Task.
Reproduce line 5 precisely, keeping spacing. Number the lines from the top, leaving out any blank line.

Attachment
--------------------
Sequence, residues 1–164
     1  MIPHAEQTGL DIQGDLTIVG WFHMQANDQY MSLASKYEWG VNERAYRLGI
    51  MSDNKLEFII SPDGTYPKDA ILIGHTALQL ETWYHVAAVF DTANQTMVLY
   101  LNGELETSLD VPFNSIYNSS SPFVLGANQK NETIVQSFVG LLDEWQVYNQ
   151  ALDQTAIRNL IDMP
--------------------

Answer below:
   151  ALDQTAIRNL IDMP